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Epidemiology of major paediatric trauma in a European Country – trends of a decade

Castelão, M., Lopes, G. & Vieira, M. Epidemiology of major paediatric trauma in a European Country – trends of a decade. BMC Pediatr 23, 194 (2023).



This study investigates causes, characteristics and temporal trends of paediatric major trauma over a 10-year period and assesses potential preventive areas.


Single-centre retrospective study of paediatric trauma patients admitted to a Paediatric Intensive Care Unit (PICU) in a tertiary university hospital in Europe with a level 1 paediatric trauma centre, from 2009 to 2019. Paediatric major trauma patients were defined as patients aged < 18 years with Injury Severity Score > 12, admitted for intensive care for more than 24 h following trauma. Demographic, social and clinical information, including place and mechanism of trauma, injury pattern, pre-hospital and in-hospital procedures, and length of stay in PICU was extracted from PICU medical records.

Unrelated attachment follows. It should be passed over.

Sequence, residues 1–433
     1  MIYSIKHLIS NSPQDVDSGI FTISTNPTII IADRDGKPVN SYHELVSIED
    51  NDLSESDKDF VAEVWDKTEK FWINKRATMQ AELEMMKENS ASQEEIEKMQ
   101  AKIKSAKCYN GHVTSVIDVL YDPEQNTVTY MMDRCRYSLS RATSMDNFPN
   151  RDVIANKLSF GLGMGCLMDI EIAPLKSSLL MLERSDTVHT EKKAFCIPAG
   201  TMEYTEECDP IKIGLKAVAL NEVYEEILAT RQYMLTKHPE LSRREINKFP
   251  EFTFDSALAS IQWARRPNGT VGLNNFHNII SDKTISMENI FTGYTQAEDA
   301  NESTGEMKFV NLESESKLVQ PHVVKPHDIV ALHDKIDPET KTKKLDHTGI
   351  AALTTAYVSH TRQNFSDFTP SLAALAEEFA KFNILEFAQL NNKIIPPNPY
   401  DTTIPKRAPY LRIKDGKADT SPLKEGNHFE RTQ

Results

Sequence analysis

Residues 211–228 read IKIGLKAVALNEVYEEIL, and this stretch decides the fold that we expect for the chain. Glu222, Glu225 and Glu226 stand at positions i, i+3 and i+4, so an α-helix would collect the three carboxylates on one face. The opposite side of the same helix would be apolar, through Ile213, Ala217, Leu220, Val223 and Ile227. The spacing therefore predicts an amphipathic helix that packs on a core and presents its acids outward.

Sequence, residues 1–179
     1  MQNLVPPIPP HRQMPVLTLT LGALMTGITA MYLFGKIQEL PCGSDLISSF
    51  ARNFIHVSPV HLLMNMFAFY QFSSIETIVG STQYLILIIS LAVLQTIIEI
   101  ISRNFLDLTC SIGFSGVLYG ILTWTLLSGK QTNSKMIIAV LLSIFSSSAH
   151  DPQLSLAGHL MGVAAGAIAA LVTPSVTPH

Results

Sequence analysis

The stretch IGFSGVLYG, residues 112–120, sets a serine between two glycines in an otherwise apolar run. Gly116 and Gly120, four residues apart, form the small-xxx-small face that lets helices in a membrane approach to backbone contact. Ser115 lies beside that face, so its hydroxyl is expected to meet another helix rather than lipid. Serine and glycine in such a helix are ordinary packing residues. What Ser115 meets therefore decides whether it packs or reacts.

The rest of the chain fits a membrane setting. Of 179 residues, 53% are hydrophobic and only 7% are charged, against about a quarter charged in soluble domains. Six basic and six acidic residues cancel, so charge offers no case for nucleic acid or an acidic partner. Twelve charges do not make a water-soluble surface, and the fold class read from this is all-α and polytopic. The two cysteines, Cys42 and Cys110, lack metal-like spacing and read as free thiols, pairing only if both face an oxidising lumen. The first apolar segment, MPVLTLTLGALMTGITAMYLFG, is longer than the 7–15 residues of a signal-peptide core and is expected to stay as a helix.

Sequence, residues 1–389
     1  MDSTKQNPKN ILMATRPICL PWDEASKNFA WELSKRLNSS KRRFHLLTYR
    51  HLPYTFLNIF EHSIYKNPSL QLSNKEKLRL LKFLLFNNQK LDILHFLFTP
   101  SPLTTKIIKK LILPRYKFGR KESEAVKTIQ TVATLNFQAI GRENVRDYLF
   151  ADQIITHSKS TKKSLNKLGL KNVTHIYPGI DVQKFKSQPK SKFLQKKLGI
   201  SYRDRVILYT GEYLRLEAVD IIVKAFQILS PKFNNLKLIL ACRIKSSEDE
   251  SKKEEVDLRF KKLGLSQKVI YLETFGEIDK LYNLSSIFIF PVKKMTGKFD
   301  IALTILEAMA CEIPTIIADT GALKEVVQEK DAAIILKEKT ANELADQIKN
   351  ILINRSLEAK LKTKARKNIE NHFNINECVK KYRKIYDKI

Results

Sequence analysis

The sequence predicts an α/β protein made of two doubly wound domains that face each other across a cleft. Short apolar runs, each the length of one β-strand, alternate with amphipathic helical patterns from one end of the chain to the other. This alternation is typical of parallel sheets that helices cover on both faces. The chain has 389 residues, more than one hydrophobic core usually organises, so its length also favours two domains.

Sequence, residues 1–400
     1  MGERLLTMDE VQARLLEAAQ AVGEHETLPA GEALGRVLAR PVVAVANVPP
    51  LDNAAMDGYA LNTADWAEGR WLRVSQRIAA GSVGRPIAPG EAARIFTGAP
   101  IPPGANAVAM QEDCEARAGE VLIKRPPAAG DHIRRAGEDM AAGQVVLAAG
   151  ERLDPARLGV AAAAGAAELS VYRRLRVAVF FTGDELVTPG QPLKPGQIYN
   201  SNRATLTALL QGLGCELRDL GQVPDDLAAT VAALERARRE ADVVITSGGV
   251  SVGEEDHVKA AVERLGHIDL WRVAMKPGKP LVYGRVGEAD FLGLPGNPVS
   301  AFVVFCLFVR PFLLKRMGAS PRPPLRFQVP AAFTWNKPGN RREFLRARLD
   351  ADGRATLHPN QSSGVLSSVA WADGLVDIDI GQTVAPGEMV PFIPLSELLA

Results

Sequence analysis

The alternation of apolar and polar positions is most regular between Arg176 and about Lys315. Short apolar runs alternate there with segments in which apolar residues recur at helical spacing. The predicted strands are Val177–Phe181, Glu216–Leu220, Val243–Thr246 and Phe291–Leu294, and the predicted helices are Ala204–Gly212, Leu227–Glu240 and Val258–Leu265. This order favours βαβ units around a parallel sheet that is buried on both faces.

Total 358 patients included (age 11 ± 4,9 years; 67% male); 75% were involved in road traffic accidents: 30% motor vehicle collision, 25% pedestrian, 10% motorcycle and bicycle each. Falls from height injured 19% of children, 4% during sports activities. Main injuries were to head/neck (73%) and extremities (42%). The incidence of major trauma was highest in teenagers and did not show a decreasing trend during the study years. All fatalities (1,7%; n = 6) were related to head/neck injuries. Motor vehicle collisions resulted in higher need for blood transfusion (9 vs. 2 mL/kg, p = 0,006) and the highest ICU-mortality (83%; n = 5). Children in motorcycle accidents had longer ICU length-of-stay (6,4 vs. 4,2 days, p = 0,036). Pedestrians had 25% higher risk of head/neck injuries (RR 1,25; 1,07 − 1,46; p = 0,004), and higher incidence of severe brain injury (46% vs. 34%, p = 0,042). Most children in motor-vehicle/bicycle accidents were not using restraints/protective devices (45%) or were using them inappropriately (13%).


Over the last decade, the absolute numbers of paediatric major trauma did not decrease. Road traffic accidents remain the leading cause of injury and death. Teenagers are at highest risk for severe trauma. Appropriate use of child restraints and protective equipment remain key for prevention.

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